Sophie Skipp, mum and food blogger behind the family allergy blog Feed Felix Fast, shares her experiences of coping and normalising her son's egg, dairy, gluten, soya, nut, sesame and coconut allergies in their family's diet.
When my eldest son Felix was diagnosed with multiple food allergies as a six-month-old baby, our family had to change the way we ate to enjoy meals together. Sharing a meal with your family and friends helps you feel connected. When you’re little like Felix you just want to be able to tuck in to everything you see your friends enjoying. Nowadays, I’ve learnt how we can all eat together as a family, and how to encourage Felix to become interested and engaged in allergy-friendly cooking, too.
Our first taste of allergy-friendly food came seven years ago when we were weaning Felix onto purées and solids at six months. I loved feeding Felix a rainbow of fruits and vegetables and watching as his eyes bulged during his first taste of sweet banana or creamy peas.
It was his first taste of cheese that changed our family's approach to eating forever. Felix coughed violently, choked on the cheese and my baby was sick everywhere. I changed him out of the dirty clothes to discover Felix’s body was covered in hives and his face and eyes had begun to swell. It quickly became clear that my Felix was having an anaphylactic reaction to dairy.
I am forever in debt to the NHS for treating Felix so quickly, whilst referrals for allergy testing uncovered the extent of Felix’s allergies. Overnight, we had to learn how to follow a milk-, gluten-, egg-, soya-, nut-, sesame- and coconut-free diet.
Learning to live with food allergies
Seven years on from that day and I’ve found plenty of ways to share great food with Felix. Food allergies are a big deal, and anaphylaxis is terrifying. Intolerances can leave people in crippling pain for days.
I started my blog Feed Felix Fast to make sure every kid can be included at any event or celebration involving food. It means the world to us when another family goes that bit further to include Felix, and this is the message we want to spread to all parents. With easy access to great products and ideas catered to your own family and guests, cooking for those with allergies is surprisingly easy.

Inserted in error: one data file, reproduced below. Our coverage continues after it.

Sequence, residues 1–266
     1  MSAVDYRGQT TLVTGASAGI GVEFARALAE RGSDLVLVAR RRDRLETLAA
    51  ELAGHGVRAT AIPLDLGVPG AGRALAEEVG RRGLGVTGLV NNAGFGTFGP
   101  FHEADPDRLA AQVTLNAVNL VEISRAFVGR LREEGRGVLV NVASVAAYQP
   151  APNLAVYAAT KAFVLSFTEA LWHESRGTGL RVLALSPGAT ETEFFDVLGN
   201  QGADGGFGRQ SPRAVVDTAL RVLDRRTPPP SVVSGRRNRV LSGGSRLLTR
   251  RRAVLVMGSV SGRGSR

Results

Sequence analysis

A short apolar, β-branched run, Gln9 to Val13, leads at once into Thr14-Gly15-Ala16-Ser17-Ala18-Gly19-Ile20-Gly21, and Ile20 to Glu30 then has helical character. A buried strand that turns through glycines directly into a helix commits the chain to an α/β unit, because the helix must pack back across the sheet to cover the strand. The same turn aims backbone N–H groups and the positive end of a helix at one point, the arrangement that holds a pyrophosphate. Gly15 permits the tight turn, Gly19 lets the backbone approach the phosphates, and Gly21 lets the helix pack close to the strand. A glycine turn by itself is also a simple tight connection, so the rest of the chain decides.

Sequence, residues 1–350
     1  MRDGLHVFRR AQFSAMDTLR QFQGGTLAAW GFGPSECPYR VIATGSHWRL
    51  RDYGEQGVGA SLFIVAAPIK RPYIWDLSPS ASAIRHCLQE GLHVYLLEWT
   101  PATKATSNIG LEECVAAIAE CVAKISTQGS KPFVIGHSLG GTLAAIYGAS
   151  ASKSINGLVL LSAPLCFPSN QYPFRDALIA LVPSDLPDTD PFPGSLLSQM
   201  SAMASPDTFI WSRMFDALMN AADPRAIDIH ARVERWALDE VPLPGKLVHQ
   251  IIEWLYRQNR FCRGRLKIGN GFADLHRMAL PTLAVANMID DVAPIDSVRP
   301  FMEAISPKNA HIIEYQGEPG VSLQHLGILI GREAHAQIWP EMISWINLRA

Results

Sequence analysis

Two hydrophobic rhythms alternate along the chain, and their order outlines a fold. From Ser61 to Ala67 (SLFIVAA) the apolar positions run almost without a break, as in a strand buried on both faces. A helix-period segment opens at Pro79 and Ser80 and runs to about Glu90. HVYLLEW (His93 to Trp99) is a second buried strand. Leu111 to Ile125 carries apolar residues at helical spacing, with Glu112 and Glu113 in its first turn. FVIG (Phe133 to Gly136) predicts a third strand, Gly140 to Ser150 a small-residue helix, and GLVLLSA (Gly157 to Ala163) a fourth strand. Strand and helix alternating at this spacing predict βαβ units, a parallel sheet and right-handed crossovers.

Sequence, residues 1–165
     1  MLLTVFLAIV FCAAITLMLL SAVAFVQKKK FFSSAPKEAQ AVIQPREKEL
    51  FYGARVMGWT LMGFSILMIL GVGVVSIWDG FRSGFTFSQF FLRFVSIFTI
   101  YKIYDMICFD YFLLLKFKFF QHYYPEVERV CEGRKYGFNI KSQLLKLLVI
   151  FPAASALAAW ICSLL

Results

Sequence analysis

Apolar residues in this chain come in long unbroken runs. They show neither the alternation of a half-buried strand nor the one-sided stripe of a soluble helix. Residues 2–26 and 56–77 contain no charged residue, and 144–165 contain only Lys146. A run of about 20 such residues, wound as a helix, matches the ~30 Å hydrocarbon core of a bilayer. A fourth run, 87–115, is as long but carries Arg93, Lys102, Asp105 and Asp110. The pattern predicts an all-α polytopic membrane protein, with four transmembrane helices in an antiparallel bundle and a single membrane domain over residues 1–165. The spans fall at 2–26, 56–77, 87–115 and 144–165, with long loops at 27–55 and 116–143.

Outside of our home, we’ve built a little village of other parents who know what action to take if Felix does become unwell. The parents of Felix’s friends are an amazing support. They send me messages with ingredients to check which biscuits are safe, fill party bags with allergy-friendly treats and include Felix in any way they can. He really loves to feel included in every celebration.
Allergies will never stop Felix from being included - it just means we must adapt our plans occasionally. I love cooking so much that we’ll always find a way to still enjoy food despite Felix’s allergies, and working with Asda on this inclusivity campaign has made me so excited to find more, new ways to include everyone with a special diet at our table.
top tips for preventing allergy accidents
- I always prepare Felix’s food first. It means I’ve got it out of the way before I get distracted or lose concentration with the many balls I’m juggling, which might lead to cross-contamination.
- Squeezy mayo, Marmite and other sauces stop us from cross-contaminating Felix’s food with allergens. Over the years, we’ve become fanatical about using a clean teaspoon to serve foods like jam. If you’re unsure if you’ve dipped a floury spoon in the sugar or a buttery knife in the jam, it’s much better to buy a new packet. It’s so much safer to be extra cautious - particularly if you are catering for someone with a life-threatening allergy.
- If you, or a loved one, has an allergy and is eating at a party, don't be afraid of getting to a buffet first! You won’t look like you are overly keen; it’s just practical to make sure you have the maximum choice available, and nobody has had the chance to put the coleslaw spoon in the potatoes.
- Ask party hosts to hold on to packets so you can check ingredients without the embarrassment of looking through a dirty bin. If you do feel uncomfortable, it’s always fine to say ‘no thanks’ to a kind offer and bring your own food along.
- Lots of children have little individual lunchboxes at birthday parties. Find out what the planned food is at a party and provide safe food as similar as possible. If it’s presented in the same box as the other children, it will make your child feel confident and included.
- Lastly, sometimes things don’t go to plan. It’s so painful when you see a little bottom lip wobble as they get bypassed with the treat. A comforting squeeze of the shoulder and whispering a promise of safe treats later will make the disappointment less painful. Felix has done rather well in football stickers to make-up for being left out! It doesn’t happen often, but children deserve extra kindness for coping with occasional disappointment.
Check out our Inclusive Eating campaign and mission here